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In dry regions the timing of precipitation is critical. On this page, we explore the seasonality of precipitation.

The image at the top shows the percentage of the annual precipitation which falls in the rainiest three-month period. The range of this parameter is 25% (for locations in which every month receives the same amount of precipitation) to 100% (for locations in which all precipitation falls in one three-month season). The higher this number, the more effort must be put into storing water for the dry season. Areas which are green to red, including most of the Middle East, have highly seasonal rainfall. Of note are the red areas, including the Sahel and the Great Indian Desert, which have extremely seasonal precipitation.

For agriculture, a problem related to seasonality is how much rain falls in the growing season. The middle figure shows the fraction of precipitation which falls in the cold season, that is in the nongrowing season. For the Northern Hemisphere, the cold season is defined as October through March. For the Southern Hemisphere it is defined as April through September. In the tropics, this parameter is not useful because temperatures are always high enough to grow crops. Outside the tropics, however, if rain falls in the cold season, it may be useless for watering warm-season crops unless extensive storage projects have been constructed.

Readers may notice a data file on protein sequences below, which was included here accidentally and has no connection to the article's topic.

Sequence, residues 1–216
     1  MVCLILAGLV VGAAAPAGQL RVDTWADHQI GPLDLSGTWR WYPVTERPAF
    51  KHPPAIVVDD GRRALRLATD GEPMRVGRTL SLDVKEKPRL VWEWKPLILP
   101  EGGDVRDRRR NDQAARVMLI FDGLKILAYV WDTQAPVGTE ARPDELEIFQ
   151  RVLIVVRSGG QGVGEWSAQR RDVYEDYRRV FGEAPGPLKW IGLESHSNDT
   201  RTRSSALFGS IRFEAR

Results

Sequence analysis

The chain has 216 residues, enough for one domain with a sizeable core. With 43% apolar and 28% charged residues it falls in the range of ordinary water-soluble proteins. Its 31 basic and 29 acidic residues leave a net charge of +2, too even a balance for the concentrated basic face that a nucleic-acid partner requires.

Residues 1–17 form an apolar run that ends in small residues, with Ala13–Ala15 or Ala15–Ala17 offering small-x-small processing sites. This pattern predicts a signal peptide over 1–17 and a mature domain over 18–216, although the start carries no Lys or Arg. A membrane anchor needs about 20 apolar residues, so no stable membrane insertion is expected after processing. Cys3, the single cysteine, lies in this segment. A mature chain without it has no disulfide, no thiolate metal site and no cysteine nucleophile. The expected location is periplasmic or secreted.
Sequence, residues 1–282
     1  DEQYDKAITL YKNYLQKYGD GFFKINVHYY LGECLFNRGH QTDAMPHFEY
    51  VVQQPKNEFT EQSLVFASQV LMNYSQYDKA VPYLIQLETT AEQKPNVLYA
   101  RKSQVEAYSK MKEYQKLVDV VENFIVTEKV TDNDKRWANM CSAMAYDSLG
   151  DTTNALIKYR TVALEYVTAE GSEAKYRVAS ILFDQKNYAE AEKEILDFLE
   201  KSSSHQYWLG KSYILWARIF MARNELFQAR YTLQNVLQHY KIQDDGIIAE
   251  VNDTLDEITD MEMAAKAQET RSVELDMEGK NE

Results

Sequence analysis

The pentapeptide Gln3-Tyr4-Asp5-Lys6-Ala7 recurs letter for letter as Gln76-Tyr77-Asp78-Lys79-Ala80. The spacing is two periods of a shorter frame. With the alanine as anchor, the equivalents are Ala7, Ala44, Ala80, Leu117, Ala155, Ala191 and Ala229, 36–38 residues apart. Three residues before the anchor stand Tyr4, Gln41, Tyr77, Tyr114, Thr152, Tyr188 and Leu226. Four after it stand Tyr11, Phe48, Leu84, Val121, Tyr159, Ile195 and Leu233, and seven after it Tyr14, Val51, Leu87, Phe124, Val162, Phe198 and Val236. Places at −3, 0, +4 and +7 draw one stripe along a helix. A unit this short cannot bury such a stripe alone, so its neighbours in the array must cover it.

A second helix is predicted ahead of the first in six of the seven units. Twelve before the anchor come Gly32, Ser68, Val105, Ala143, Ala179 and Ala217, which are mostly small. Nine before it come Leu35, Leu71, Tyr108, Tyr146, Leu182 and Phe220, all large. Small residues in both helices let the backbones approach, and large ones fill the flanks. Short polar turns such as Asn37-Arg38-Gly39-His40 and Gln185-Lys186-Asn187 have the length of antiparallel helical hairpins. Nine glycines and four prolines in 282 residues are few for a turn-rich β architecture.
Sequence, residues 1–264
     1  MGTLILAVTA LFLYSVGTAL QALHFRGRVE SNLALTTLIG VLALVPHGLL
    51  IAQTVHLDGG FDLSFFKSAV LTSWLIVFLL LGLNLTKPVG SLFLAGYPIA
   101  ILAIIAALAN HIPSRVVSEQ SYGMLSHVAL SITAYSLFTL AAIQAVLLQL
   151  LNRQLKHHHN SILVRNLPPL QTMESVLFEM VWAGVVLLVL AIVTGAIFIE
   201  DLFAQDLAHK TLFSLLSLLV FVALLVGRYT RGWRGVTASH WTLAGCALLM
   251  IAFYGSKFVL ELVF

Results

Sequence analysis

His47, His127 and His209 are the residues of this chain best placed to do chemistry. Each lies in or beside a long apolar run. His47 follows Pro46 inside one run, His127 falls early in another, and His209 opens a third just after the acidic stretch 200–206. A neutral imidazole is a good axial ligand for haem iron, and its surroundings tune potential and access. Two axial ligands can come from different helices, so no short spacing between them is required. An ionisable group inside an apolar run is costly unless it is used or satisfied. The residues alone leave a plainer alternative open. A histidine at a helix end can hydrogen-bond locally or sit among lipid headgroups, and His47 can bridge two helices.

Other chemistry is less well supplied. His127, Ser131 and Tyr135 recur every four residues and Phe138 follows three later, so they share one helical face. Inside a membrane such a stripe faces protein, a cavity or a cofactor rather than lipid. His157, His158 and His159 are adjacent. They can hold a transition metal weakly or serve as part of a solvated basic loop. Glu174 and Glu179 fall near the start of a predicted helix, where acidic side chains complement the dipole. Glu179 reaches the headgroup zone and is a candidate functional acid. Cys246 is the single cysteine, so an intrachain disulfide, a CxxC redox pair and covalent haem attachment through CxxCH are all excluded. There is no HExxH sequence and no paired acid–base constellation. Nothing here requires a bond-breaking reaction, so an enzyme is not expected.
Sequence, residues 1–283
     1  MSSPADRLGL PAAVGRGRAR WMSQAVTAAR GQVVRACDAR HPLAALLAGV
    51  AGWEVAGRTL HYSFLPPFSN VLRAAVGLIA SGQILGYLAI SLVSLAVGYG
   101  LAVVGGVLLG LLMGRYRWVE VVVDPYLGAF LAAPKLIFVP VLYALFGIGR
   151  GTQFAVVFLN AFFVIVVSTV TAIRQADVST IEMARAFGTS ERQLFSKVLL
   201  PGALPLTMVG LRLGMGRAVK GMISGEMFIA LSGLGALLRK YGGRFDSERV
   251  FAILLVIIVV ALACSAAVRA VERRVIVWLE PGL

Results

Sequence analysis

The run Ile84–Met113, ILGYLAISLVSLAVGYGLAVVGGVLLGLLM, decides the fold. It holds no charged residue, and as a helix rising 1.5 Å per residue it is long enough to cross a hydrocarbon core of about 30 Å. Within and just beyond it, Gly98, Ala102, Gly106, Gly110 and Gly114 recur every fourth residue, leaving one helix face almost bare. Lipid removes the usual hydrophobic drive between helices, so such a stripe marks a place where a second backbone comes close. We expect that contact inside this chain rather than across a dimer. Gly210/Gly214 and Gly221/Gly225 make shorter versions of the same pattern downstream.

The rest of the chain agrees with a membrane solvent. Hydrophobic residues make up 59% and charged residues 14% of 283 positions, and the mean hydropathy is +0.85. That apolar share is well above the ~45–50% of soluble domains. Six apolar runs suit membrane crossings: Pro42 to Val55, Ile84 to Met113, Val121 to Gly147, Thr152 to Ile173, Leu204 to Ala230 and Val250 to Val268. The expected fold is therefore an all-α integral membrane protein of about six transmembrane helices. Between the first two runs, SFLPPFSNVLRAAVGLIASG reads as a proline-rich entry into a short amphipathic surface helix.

Most of the Middle East outside of the tropics has the dry summer climate typical of the Mediterranean. It shares this climate also with western Australia, western portions of South America and southern Africa, and especially with the west coast of the United States. What lessons can be learned from the way these places have coped with their water problems? Click Next Page for our conclusions.


Fraction of rain which falls in the rainiest three months (%).

Cold-Season Precipitation

Fraction of rain which falls in the cold season (October-March, Northern Hemisphere; April-September, Southern Hemisphere).

Annual Precipitation

Annual Precipitation (mm).

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